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Just last night some of my good friends and I met in the
middle of Los Angeles for a much-needed moms night out. The middle happens to be Hollywood. (Well, technically, Beverly Hills is the middle but east-siders like myself do not do Beverly Hills.)
I left my house
saying, "I'm leaving in five minutes," to which my husband replied with a steady
OK. Five minutes passed and my Uber showed up.
"I'm leaving," I
politely and positively yelled out.
I picked up my fellow east-sider girlfriend in the Uber, and
we patiently (cough) waited for her husband to come home.
Our fellow west side girlfriend was sitting at the bar
chatting up the bartender. That's what happens when moms go out I've noticed.
We are so excited just to chat up people who are out. Especially younger people who
are in "the business." It's interesting to hear if they are going on auditions or
what they are pursuing.
Also, bartenders, generally, happen to be extremely good
looking around here. It is Hollywood afterall.
Our very thin waitress walked us to our table, my girlfriend
jabbed me and eyed her. "We used to be that thin too," I whispered.
The three of us sat down and basically couldn't stop
talking. Food and drinks were ordered and our 4th showed
up. It took her forever to get there (again L.A. = traffic, and she too had a husband
'Amazing how good-looking a crowd can be when you are married and have kids.'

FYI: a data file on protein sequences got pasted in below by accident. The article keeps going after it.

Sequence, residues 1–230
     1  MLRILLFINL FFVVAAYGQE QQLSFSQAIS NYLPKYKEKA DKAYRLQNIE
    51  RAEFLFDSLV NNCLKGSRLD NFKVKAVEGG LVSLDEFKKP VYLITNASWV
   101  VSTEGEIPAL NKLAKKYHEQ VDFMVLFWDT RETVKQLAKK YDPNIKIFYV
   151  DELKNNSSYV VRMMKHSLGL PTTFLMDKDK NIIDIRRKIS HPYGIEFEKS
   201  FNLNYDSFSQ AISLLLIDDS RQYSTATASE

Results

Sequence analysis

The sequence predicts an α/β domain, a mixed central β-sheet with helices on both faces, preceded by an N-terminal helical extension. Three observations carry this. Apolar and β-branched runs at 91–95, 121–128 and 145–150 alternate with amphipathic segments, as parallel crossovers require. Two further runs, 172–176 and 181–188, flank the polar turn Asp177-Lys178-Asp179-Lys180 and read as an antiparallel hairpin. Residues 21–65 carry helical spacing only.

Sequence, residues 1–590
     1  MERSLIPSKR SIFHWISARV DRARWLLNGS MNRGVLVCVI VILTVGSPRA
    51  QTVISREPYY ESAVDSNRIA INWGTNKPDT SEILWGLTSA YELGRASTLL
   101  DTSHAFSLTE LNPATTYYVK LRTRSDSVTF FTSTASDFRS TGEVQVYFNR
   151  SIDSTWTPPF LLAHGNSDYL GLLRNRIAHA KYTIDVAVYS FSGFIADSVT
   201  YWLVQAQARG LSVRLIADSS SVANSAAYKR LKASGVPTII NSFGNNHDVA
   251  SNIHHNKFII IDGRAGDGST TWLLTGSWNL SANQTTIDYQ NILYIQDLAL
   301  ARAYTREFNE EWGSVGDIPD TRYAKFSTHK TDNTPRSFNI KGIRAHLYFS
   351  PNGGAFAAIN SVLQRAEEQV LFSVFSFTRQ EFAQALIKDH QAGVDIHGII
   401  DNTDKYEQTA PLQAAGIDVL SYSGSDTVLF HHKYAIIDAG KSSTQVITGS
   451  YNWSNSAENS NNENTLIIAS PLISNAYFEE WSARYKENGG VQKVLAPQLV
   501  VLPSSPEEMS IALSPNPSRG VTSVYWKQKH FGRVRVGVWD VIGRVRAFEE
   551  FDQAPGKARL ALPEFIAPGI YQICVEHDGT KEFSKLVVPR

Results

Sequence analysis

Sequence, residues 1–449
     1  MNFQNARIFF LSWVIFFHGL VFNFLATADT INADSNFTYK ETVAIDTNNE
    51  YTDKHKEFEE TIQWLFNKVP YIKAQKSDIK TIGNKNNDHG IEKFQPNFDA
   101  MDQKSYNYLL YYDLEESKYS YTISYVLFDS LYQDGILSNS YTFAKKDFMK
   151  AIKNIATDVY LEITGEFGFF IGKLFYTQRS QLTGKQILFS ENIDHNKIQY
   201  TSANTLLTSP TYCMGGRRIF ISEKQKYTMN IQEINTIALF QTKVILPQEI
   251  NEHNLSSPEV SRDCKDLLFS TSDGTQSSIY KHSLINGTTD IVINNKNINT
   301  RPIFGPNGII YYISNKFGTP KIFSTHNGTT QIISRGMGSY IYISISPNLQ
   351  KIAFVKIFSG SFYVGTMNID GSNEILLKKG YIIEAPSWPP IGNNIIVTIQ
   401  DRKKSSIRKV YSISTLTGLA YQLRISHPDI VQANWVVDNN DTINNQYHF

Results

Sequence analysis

I kept looking around the restaurant and, about an hour in, I
noticed it was getting harder to hear. "This place is packed," I said.
We joked that because we got there so early I had mistakenly
thought it wasn't doing very well anymore. I explained how it used to be an actual hardware store my
husband shopped at back in the day, when there was no Target.
My friend reminded me it had been around for five years. Why
does it seem like every restaurant I think is new has been around for five years?
I know why. That's when I was deep in the fog of having babies. I can't keep up with the new hot restaurants. Although I do
prefer the delicious food L.A. has to offer, so I often pick up a copy of the local city magazine and daydream about trying out all of the new spots.
Since our circles don't completely overlap, we talked about
our husbands and kept marveling at how good everyone looked. One friend noticed a man wearing goggles, as if it was no big
deal. I lifted up my camera to take a photo, and my flash went off. I hid behind
my friend's poncho.
I tried to take a selfie while we waited for a turn in the restroom. After getting us at our best angles, we took in the collective beauty of everyone else.
"Amazing how good-looking a crowd can be when you are
married and have kids," said my friend.
"Yes, why do they all look so good? So many beards and
ponytails," I said.
Like we always do, we wished there was some club in the city that opened at 2 in the afternoon, for moms who would like to dance and go to bed early.
"Oh, please, beards and ponytails were in when we were
younger," countered my friend.
"But everyone seemed sleazy back then," my other friend
"This crowd just looks like a bunch of cute young
people trying really hard to make it."
We walked out of the restaurant,
9:30 p.m. The night was young, but actually late enough for us moms.
A young hipster stopped a woman in our group and
complimented her on the poncho. I held my cardigan closer to me and felt like I
should be saying you kids have fun. It's not that we are significantly older, but we were worlds
I hailed an Uber and talked like I always do about going
dancing. Like we always do, we wished there was some club in the city that
opened at 2 in the afternoon, for moms who would like to dance and go to bed early.